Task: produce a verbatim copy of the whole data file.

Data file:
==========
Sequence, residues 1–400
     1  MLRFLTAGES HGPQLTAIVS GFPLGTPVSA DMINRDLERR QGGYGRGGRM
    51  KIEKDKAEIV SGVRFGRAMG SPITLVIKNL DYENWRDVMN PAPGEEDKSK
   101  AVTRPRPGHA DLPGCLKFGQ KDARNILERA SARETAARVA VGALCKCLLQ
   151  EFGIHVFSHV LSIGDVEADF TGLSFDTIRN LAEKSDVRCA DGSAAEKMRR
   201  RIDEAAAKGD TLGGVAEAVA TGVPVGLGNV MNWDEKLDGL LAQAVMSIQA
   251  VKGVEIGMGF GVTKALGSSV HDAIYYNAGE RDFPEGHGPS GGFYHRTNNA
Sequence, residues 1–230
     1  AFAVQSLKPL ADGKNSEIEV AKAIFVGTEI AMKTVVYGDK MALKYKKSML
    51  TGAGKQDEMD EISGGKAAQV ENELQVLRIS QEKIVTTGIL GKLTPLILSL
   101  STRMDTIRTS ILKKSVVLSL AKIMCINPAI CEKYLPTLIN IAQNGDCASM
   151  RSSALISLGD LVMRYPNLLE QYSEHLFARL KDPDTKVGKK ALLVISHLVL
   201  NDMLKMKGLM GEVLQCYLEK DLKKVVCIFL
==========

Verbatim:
Sequence, residues 1–400
     1  MLRFLTAGES HGPQLTAIVS GFPLGTPVSA DMINRDLERR QGGYGRGGRM
    51  KIEKDKAEIV SGVRFGRAMG SPITLVIKNL DYENWRDVMN PAPGEEDKSK
   101  AVTRPRPGHA DLPGCLKFGQ KDARNILERA SARETAARVA VGALCKCLLQ
   151  EFGIHVFSHV LSIGDVEADF TGLSFDTIRN LAEKSDVRCA DGSAAEKMRR
   201  RIDEAAAKGD TLGGVAEAVA TGVPVGLGNV MNWDEKLDGL LAQAVMSIQA
   251  VKGVEIGMGF GVTKALGSSV HDAIYYNAGE RDFPEGHGPS GGFYHRTNNA
Sequence, residues 1–230
     1  AFAVQSLKPL ADGKNSEIEV AKAIFVGTEI AMKTVVYGDK MALKYKKSML
    51  TGAGKQDEMD EISGGKAAQV ENELQVLRIS QEKIVTTGIL GKLTPLILSL
   101  STRMDTIRTS ILKKSVVLSL AKIMCINPAI CEKYLPTLIN IAQNGDCASM
   151  RSSALISLGD LVMRYPNLLE QYSEHLFARL KDPDTKVGKK ALLVISHLVL
   201  NDMLKMKGLM GEVLQCYLEK DLKKVVCIFL